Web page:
In the locker room after spin class, a friend groaned, “Ugh, no matter how much I exercise, my butt gets bigger every day.” This lament set off a chain reaction as nearly all the women in the room—most of whom were fit and healthy—chimed in with their own verbal body-bashing (“Your butt is minuscule compared to mine”…“Well, my belly makes me look nine months pregnant”…“The way I pigged out yesterday, it’s no wonder my thighs are the size of Texas”).
It was a classic example of communal fat talk—a term coined by an anthropologist to describe how teenaged girls bond via self-deprecation. Yet clearly the habit doesn’t end with adolescence. In fact, exchanging fat talk seems to be an all-but-inescapable part of being an American woman. The big question: What is fat talk doing to our psyches?
To discuss this, I called Denise M. Martz, PhD, a psychology professor at Appalachian State University in Boone, North Carolina, who has done extensive research on the fat-talk phenomenon. Surprisingly, she noted that engaging in fat talk may have a few benefits. It can be a bonding experience between women…it can serve as a means of releasing negative emotions…and it can help relieve the guilt women feel after eating certain foods. But for the most part, Dr. Martz emphasized, fat talk’s potential positives are far overshadowed by its harmful consequences.
For example: In a new study in Journal of Applied Communication Research, researchers from the University of Arizona showed that engaging in fat talk is associated with increased depression. In addition, fat talk reinforces a counterproductive view of oneself as helpless against fat…and it encourages negative feelings about body image to broaden into a more all-encompassing negative self-concept.
Admittedly, when fat talk starts flying, it’s hard not to join in even if you’re aware of the damage it can do. Dr. Martz conceded, “Even I find myself in this situation. I start to say something that would sound like fat talk just to be funny—and I have to rein it back in, reminding myself that it really is not funny.” Fortunately, it is possible to break this bad habit. What helps…
Raise your awareness. Once fat talk is on your radar, you realize that you hear it everywhere. The more quickly you recognize it for what it is, the easier it becomes to suppress the urge to add your own self-castigating comments, Dr. Martz said.
Own your actions. Imagine you’re in a buffet line, piling food on your plate, when a friend comes over. If you are tempted to say, “I’m so out of control, this will go straight to my thighs,” you may be trying to deflect the guilt you feel for overindulging—in which case you may want to rethink that too-full plate. But if you are comfortable with your choices, rather than getting mired in embarrassment about what your friend might think, you’re better off saying nothing and enjoying your meal.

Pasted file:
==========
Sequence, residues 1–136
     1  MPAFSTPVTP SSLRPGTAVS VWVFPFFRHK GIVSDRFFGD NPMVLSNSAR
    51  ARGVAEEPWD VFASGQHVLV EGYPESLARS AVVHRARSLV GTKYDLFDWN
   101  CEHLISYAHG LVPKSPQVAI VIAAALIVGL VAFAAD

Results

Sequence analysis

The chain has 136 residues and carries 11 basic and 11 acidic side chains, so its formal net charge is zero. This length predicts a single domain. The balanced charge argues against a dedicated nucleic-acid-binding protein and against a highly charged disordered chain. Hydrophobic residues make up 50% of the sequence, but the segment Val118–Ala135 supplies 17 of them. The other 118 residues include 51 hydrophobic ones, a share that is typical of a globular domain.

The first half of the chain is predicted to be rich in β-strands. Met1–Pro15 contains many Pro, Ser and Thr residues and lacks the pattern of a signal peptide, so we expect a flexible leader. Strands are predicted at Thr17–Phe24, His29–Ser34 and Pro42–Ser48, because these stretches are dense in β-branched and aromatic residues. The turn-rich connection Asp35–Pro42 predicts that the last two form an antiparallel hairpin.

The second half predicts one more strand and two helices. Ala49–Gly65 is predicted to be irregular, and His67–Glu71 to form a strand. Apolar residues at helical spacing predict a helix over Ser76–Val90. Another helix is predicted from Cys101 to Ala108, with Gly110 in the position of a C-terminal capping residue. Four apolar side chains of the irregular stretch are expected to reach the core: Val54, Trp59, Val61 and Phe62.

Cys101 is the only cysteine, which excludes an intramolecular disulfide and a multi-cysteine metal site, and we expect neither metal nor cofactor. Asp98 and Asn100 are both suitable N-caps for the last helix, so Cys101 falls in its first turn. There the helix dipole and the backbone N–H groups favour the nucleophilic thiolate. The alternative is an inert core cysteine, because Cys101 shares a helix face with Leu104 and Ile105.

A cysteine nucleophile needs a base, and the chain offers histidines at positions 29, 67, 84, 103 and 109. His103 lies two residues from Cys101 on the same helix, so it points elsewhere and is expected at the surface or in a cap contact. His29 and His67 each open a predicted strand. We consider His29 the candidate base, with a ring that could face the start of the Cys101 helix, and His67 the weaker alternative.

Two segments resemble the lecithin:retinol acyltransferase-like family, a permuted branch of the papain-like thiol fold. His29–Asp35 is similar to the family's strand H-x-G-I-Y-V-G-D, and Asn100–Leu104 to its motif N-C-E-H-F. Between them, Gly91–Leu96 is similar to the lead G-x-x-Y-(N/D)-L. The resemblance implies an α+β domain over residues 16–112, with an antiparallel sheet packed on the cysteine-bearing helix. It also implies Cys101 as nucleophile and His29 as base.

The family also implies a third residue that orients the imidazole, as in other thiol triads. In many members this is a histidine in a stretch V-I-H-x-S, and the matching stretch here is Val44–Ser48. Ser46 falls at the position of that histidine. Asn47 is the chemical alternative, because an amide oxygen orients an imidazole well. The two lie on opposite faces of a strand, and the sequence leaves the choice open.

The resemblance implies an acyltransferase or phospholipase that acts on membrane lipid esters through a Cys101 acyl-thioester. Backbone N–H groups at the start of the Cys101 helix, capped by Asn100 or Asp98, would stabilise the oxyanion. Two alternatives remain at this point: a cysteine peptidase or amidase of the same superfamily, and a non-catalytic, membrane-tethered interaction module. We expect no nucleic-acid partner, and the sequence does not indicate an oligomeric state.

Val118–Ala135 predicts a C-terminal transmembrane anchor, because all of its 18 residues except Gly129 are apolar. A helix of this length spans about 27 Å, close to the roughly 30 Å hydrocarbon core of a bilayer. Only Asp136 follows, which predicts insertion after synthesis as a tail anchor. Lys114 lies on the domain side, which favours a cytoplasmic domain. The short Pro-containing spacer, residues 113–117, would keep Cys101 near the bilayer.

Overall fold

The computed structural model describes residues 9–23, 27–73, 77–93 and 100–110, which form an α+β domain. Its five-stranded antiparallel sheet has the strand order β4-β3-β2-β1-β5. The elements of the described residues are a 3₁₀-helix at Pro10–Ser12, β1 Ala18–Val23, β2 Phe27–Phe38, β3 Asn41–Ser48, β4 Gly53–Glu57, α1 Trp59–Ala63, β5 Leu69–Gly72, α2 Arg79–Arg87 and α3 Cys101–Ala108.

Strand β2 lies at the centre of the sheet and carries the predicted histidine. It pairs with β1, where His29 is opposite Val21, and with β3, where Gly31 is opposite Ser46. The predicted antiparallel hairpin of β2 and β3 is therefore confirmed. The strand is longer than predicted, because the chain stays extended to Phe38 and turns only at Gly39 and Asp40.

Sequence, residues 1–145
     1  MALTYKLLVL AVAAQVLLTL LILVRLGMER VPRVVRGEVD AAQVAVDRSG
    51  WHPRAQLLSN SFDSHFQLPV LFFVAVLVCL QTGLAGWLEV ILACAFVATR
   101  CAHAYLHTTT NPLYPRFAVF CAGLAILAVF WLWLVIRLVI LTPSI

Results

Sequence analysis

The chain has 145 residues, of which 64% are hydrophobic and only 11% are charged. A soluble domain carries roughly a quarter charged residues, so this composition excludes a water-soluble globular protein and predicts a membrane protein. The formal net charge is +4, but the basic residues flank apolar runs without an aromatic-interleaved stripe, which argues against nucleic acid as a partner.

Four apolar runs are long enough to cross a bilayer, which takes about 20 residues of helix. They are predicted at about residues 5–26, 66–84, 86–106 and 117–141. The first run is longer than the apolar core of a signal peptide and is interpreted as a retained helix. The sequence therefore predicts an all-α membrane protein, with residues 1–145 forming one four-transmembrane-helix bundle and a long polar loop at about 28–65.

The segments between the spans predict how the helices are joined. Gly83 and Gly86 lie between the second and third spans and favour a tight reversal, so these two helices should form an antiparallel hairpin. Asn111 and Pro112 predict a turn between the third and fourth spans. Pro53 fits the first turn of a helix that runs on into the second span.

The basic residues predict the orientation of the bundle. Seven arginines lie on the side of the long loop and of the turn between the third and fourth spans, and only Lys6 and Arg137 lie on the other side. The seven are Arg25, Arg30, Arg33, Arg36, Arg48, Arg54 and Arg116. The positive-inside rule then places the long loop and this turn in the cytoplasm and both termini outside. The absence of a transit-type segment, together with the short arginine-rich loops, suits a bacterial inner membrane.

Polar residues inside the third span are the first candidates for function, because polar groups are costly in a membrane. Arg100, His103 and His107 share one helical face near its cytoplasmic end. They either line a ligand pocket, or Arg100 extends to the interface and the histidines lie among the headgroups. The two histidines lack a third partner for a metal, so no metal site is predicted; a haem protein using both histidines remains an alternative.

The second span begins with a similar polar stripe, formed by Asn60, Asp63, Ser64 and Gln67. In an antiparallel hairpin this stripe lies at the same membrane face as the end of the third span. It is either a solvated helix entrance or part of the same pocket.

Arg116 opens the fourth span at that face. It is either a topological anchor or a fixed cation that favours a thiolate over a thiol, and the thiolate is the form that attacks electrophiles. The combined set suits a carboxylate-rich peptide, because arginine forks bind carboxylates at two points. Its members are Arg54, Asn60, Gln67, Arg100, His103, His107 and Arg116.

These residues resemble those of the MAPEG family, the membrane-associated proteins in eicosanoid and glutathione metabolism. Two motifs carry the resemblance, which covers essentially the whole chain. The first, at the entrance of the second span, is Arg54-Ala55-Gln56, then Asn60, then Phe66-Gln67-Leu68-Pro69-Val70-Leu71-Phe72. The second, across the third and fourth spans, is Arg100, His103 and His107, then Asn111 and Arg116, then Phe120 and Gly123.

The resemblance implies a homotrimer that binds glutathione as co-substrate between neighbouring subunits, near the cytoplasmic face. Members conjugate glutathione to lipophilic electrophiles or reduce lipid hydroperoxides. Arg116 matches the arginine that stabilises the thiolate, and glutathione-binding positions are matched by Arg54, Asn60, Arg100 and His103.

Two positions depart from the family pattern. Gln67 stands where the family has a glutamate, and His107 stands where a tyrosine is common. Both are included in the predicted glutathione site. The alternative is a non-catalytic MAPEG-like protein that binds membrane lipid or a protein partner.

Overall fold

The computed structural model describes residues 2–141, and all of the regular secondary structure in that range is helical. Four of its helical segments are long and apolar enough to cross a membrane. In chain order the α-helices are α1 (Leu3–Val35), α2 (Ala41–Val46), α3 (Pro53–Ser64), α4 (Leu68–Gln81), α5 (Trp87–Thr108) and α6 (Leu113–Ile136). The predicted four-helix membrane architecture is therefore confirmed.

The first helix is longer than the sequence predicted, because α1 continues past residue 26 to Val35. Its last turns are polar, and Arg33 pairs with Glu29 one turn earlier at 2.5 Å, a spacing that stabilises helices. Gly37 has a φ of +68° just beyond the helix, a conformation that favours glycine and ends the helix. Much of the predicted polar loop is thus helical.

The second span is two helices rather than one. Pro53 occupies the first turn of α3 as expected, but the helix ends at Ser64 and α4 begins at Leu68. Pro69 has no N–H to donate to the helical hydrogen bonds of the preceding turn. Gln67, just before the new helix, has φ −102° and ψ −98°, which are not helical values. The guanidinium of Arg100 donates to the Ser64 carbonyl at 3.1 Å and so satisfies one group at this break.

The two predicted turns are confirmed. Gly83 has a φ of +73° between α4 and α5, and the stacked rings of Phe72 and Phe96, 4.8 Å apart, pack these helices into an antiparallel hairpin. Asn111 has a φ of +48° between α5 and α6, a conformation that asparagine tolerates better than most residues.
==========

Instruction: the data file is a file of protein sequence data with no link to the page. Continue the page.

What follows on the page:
Dig deeper. Often a woman wallows in body negativity to avoid examining the fact that she’s actually feeling bad about something else, Dr. Martz noted. If you notice your fat talk increasing, try to put your finger on what’s really happening. Are recent layoffs making you feel insecure at work? Do you feel hurt because your husband has been moody and distant? The more clarity you gain about your true emotions, the less tempted you are to criticize your body…and the easier it is to acknowledge and address the true underlying problem.
Reassure and redirect. One reason a woman might call herself fat is that she wants her companions to reassure her that she is not fat, at least in comparison to others. So if a friend starts a fat-talk conversation, don’t get sucked into an escalating cycle of self-criticism. Instead, say something reassuring—“Your weight is fine” (if that’s true) or “It’s wonderful how hard you’re working to slim down”—and then change the subject.
Keep in mind: Throughout her research, Dr. Martz has found that women (and men!) really like it when they hear a woman speak with acceptance about her body. Now wouldn’t that be something—a chain-reaction conversation filled not with self-loathing, but with self-respect? You can make it your mission to spark that kind of emotionally healthy conversation every day.
Source: Denise M. Martz, PhD, is a psychology professor at Appalachian State University in Boone, North Carolina, where she runs a research lab studying fat talk using scientific methods. She has published a number of articles on the subject and coauthored a chapter entitled “Body Image and ‘Fat Talk’” in the Encyclopedia of Body Image and Human Appearance. Dr. Martz also maintains a private practice in Boone, where she treats individuals struggling with eating disorders or obesity.